The aim of the responder is to quickly turn an emergency into a project that is under control, this is critical to the evolution of a response; given this is the method of training used for oil spill responders due for review? In this paper the author will look at training methods for responders and if there should be a step change in the way the industry train people for varying roles in spill response.

The initial phase of a response can define its success. Handled correctly the need for a fast, visible, and coordinated response will be met. The initial response can also be a time for panic when a sense of calm is needed. In similar emergency response industries where coolness and composure are required, different training methods are currently employed. This paper will analyse various methods of training in the medical sector, namely the algorithmic training of paramedics, in order to evaluate these emergency strategies for the purposes of comparison and learning.

The later stages of a spill require the same management skills as any project; where actions can be planned and implemented with a calm and composed mindset using a detailed project plan. However a key difference in thinking is required to tackle both the initial emergency response and project areas of a spill. In the project phase of a spill critical thinking is a necessity. This critical thinking is the process of applying and analyzing information gathered from observation or communication, as a guide to actions. Good critical thinking should show clarity, accuracy, precision, consistency, relevance and fairness. The mindset involved in this phase is difficult to teach and evaluate. The author will look into how this can be achieved by referring again to the medical sector, namely the diagnostics and accident and emergency divisions.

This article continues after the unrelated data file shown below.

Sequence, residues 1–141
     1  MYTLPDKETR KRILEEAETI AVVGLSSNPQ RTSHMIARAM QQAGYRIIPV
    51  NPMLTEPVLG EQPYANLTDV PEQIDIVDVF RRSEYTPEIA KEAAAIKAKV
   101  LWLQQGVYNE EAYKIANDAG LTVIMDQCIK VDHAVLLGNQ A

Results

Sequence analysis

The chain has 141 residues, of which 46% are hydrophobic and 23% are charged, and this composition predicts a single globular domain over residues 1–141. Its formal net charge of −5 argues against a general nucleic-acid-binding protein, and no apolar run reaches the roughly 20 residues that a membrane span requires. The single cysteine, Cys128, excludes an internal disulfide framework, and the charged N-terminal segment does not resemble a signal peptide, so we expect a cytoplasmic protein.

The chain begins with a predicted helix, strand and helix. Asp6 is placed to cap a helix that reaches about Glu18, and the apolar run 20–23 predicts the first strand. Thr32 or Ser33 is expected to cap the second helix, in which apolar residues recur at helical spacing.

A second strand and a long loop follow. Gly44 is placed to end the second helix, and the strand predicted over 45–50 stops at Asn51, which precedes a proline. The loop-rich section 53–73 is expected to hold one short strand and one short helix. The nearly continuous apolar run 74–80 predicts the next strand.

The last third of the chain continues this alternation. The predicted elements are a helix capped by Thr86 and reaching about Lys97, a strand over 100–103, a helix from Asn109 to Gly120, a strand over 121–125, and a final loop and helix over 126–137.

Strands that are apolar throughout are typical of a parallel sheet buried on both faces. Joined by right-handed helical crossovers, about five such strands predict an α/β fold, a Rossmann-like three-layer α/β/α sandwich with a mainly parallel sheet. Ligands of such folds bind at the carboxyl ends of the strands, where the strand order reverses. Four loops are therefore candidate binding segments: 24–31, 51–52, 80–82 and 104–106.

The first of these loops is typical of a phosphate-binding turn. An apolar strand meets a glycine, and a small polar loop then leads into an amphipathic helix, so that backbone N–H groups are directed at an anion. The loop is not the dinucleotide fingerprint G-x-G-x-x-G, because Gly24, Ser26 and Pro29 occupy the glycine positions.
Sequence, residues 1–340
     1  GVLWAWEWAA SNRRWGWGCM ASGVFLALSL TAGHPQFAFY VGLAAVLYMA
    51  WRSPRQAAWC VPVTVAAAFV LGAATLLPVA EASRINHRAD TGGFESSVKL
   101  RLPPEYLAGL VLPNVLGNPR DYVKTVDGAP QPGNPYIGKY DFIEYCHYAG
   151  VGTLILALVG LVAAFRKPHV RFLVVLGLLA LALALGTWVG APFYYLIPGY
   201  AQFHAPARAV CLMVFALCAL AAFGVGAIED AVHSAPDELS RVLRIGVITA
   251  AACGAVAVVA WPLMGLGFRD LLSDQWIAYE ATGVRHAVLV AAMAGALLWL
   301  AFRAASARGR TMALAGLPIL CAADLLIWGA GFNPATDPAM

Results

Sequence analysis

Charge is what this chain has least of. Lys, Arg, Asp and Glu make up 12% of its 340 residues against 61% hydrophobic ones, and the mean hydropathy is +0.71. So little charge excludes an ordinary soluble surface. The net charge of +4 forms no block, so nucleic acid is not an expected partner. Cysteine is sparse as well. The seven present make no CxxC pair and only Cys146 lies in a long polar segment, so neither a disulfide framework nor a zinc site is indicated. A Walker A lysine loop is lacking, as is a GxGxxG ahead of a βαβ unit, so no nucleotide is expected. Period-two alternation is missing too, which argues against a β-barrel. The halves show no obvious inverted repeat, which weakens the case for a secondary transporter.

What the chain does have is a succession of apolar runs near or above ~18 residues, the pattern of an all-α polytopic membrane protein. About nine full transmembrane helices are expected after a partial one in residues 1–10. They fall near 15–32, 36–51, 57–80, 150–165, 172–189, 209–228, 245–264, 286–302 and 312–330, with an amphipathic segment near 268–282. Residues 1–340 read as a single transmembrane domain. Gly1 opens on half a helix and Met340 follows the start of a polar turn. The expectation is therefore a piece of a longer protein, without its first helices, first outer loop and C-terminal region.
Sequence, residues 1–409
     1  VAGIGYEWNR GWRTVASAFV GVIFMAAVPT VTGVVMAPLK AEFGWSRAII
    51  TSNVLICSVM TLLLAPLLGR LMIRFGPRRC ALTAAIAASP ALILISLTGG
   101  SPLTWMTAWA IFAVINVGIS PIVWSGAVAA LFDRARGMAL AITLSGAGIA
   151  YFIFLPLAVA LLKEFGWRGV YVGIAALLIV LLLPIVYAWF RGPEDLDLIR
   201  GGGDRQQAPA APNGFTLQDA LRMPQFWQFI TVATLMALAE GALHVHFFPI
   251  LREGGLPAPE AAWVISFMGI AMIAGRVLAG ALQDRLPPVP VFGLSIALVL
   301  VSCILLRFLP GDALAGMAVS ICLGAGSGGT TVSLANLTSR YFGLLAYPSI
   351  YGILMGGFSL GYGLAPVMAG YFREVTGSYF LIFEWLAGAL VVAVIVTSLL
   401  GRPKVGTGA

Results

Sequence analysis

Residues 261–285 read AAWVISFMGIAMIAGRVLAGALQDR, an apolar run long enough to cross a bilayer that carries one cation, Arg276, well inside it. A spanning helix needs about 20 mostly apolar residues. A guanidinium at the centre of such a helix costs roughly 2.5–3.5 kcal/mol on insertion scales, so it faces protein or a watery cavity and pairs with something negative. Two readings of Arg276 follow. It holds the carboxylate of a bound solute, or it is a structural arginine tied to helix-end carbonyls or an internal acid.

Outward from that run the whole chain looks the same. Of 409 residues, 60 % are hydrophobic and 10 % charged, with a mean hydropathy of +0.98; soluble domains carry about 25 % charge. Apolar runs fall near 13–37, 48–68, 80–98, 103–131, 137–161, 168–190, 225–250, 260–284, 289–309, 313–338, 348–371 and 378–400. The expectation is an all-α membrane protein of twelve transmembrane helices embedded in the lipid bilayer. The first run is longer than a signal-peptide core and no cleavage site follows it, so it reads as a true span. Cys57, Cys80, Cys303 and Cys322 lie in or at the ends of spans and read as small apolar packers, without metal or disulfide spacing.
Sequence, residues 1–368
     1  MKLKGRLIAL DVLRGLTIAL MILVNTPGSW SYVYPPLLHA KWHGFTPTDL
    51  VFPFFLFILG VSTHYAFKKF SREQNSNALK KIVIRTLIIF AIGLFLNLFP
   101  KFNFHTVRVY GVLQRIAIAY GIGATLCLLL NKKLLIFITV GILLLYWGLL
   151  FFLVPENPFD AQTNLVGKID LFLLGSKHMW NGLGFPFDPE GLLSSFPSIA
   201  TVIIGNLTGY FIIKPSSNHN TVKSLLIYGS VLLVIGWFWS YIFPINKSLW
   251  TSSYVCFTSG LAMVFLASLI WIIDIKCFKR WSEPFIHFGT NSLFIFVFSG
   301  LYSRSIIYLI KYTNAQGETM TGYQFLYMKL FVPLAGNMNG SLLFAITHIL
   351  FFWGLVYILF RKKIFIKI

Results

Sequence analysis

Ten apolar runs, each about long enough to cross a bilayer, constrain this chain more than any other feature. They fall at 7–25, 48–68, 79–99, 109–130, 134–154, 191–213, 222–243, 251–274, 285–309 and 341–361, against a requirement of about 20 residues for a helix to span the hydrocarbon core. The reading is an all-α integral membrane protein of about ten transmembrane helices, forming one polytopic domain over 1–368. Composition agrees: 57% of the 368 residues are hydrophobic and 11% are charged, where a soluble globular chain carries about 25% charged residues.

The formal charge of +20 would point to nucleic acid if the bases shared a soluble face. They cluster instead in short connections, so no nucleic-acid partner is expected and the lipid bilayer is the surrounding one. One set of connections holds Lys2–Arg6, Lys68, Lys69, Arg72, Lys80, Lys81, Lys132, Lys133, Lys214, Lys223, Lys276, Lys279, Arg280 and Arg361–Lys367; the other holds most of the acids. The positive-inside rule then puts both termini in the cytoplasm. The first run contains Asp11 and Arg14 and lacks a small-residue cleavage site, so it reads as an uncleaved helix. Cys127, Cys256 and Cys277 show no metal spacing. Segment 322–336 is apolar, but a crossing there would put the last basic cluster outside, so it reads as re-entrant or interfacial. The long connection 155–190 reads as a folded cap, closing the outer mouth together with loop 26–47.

With the two distinct stages of spills and the need to transfer rapidly from emergency to project phases the author will look into the advantages and disadvantages of adopting new distinct training techniques for responders for both periods of a spill. The function of this paper will be to provoke thought into changing the way the industry look at training people for purpose. It aims to discuss the possibilities of increasing logical step-by-step thinking for first responders creating set parameters that will then define deliverable information to those trained in critical thinking and spill management.

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